Wednesday, September 12, 2012

Hollister House Garden: Study Weekend

Two weeks ago I attended a Garden Study Weekend, hosted by the Garden Conservancy and Hollister House Gardens. I went down for Saturday, though the event kicked off on Friday and finished with garden tours all day Sunday.  Saturday was packed full of incredible speakers, starting with William Cullina, director of the Maine Botanical Garden in Boothbay Harbor, Maine.  He gave a great tour of some of his favorite trees and shrubs, many he treats like perennials by hard pruning in spring. Some plants he will cut to the ground each year, such as Physocarpus, Salix, and Sambucus, and others he will cut every 3-5 years, such as Ilex verticillata (winterberry), Fothergilla major, and Rhus typhina. Still other shrubs he cuts to 6 inches in the early spring to encourage bushier growth and often larger leaves and/or flowers, such as Hydrangea (the arborescens and paniculata types) and Clethra.

Next came Edwina Von Gal, a landscape designer, who gave a very motivating talk about her process and approach to designing a garden and landscape. She had a very artistic approach, the way she talked about her work was similar to how an artist talks about a painting. A few key points that resonated with me: striking a balance between imperfection and perfection, what can we let go? "Designing" views that require nothing from the viewer. "Checking out even" by never removing biomass from the property. Leaving dying things (trees and plants) in place, as the decay and the architecture is interesting and provides good habitat. She did not talk much about plants, it was all about ideas, process, and intentions.

Then came a plant show and tell with Marco Polo Stefano, Paige Dickey, and Andrew Wheeler (from Arrowhead Nursery). They got on stage with many of their favorite plants and discussed their merits. A couple of promising stars: Caryopteris x clanodensis 'Sterling Silver,' Cercis 'Rising Sun,' Ptelea trifoliata 'Aurea,' Hydrangea involucrata opus 'Plena,' Lespedeza yakushima (low, spreading), and Albizia 'Black Chocolate' (dark leaf mimosa shrub, also good to cut to the ground annually). One of the most exciting plants I saw during the plant sale was Vernonia lettermannii, it has the fine, ferny foliage of Amsonia hubrichtii, but has deep purple- pink flowers and is in bloom now.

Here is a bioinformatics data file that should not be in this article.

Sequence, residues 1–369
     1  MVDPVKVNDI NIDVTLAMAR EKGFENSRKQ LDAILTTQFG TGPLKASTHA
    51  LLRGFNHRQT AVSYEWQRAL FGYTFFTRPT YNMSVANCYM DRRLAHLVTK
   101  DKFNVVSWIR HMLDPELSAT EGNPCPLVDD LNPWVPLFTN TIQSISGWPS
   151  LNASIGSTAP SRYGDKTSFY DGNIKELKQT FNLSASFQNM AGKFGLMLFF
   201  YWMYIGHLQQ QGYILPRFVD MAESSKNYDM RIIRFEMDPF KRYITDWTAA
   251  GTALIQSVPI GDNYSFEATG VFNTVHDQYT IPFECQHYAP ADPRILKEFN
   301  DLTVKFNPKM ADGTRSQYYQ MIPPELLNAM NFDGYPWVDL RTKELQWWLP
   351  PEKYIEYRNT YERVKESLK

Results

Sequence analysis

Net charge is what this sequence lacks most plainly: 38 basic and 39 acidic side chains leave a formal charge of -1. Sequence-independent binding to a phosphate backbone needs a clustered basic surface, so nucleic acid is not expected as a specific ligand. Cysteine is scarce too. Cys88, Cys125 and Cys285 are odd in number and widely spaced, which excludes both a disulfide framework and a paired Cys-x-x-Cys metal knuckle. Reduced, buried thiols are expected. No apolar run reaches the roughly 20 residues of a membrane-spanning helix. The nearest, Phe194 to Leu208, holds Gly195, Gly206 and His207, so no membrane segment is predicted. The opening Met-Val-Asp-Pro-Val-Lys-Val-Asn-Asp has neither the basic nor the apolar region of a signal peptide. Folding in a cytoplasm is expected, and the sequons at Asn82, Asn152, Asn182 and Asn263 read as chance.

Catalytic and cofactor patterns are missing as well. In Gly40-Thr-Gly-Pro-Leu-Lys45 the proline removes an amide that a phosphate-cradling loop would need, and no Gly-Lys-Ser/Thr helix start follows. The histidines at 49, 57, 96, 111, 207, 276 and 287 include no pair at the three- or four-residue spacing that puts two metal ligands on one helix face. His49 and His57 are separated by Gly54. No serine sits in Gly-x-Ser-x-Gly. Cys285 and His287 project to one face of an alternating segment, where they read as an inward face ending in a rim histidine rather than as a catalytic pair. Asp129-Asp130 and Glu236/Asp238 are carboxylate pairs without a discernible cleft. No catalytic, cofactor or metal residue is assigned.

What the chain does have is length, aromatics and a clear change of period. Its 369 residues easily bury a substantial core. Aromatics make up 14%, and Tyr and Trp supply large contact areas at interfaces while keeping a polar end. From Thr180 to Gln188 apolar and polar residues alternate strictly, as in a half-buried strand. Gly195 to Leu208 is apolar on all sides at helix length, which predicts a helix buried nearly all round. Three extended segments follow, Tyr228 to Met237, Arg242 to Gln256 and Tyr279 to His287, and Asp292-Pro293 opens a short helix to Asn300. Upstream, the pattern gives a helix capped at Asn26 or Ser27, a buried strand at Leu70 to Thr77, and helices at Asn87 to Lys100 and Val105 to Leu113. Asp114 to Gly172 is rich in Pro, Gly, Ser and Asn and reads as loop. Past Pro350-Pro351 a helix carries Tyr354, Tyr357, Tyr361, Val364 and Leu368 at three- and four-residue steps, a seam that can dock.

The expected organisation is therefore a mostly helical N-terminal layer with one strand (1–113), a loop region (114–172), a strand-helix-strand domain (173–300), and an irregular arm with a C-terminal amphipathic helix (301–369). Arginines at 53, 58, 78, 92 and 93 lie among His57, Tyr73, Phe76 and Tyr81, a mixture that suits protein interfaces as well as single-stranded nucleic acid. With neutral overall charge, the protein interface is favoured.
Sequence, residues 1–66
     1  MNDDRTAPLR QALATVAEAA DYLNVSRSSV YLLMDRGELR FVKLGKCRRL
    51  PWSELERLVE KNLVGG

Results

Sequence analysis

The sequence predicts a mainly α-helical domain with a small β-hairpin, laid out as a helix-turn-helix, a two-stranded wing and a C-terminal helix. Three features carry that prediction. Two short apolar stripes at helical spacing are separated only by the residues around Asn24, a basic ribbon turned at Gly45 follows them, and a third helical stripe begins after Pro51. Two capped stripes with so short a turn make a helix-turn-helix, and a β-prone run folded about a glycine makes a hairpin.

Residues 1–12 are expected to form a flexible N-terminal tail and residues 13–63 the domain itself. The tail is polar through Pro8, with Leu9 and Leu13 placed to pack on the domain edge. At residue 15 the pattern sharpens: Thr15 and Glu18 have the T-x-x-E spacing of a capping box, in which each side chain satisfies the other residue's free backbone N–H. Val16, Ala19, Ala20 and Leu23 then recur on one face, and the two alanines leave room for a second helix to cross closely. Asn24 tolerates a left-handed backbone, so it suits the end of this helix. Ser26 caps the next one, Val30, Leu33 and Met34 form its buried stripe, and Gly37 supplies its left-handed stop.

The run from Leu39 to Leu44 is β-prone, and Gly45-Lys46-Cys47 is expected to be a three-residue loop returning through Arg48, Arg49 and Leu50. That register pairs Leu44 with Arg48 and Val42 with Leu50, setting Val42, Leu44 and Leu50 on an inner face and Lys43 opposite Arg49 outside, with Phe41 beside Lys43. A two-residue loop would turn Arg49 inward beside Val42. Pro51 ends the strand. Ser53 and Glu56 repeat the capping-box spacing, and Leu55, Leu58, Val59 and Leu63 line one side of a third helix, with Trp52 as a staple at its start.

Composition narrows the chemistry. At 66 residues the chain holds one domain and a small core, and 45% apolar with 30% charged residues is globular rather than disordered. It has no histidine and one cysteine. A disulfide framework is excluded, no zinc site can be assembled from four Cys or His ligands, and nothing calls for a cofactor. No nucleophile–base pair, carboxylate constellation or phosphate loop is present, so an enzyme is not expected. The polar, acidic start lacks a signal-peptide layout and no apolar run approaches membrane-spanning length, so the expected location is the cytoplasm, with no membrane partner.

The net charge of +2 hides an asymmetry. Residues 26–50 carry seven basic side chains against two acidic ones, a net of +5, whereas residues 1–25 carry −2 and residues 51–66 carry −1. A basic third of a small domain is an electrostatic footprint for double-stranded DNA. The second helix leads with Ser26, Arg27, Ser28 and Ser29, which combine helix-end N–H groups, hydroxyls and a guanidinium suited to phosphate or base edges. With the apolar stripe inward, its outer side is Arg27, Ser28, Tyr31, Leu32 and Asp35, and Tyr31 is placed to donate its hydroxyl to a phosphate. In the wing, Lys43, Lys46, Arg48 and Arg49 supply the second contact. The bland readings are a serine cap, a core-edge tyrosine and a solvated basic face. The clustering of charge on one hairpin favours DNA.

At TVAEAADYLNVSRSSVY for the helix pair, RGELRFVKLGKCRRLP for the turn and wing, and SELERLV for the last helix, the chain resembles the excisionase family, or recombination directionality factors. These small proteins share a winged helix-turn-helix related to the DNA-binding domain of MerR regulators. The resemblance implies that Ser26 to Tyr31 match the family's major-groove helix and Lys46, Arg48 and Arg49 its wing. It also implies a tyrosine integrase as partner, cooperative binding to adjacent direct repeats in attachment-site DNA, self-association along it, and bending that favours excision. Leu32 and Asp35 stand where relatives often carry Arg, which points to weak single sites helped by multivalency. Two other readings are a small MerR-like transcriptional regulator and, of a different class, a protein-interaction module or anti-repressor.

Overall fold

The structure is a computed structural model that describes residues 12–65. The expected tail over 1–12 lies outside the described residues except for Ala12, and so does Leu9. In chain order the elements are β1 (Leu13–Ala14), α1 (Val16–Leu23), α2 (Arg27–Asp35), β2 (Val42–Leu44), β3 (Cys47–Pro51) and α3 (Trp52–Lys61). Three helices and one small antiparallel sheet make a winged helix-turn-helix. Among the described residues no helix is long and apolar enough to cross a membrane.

Later, Bill Noble spoke about the Garden Conservancy, projects and acquistions, Barbara Paul Robinson spoke about her new book, Rosemary Verey: The Life and Lessons of a Legendary Gardener, and then Eric T. Fleisher, horticulture director at the Battery Parks City Parks in New York City, gave a very engaging and informative talk on soil science, composting, and organic approaches to managing landscapes that receive high impact (such as Battery Park lawns in New York City, and the lawns at Harvard College). The last speaker was Bill Thomas, director of Chanticleer, who spoke about the garden and gave a photographic tour through the seasons. I have never been to Chanticleer, but I am really looking forward to it now. The day ended at the Hollister House Garden. See pictures below- it is stunning!